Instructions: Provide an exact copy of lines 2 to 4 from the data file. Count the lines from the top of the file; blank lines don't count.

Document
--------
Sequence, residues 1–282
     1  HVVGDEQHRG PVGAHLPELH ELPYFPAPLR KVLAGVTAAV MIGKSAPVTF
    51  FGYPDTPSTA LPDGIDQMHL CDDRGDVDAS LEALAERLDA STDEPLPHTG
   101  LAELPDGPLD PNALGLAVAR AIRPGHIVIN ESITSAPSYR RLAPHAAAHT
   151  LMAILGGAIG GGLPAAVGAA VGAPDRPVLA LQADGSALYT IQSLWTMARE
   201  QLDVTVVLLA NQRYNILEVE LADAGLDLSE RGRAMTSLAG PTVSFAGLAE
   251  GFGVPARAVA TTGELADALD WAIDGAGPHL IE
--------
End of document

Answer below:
     1  HVVGDEQHRG PVGAHLPELH ELPYFPAPLR KVLAGVTAAV MIGKSAPVTF
    51  FGYPDTPSTA LPDGIDQMHL CDDRGDVDAS LEALAERLDA STDEPLPHTG
   101  LAELPDGPLD PNALGLAVAR AIRPGHIVIN ESITSAPSYR RLAPHAAAHT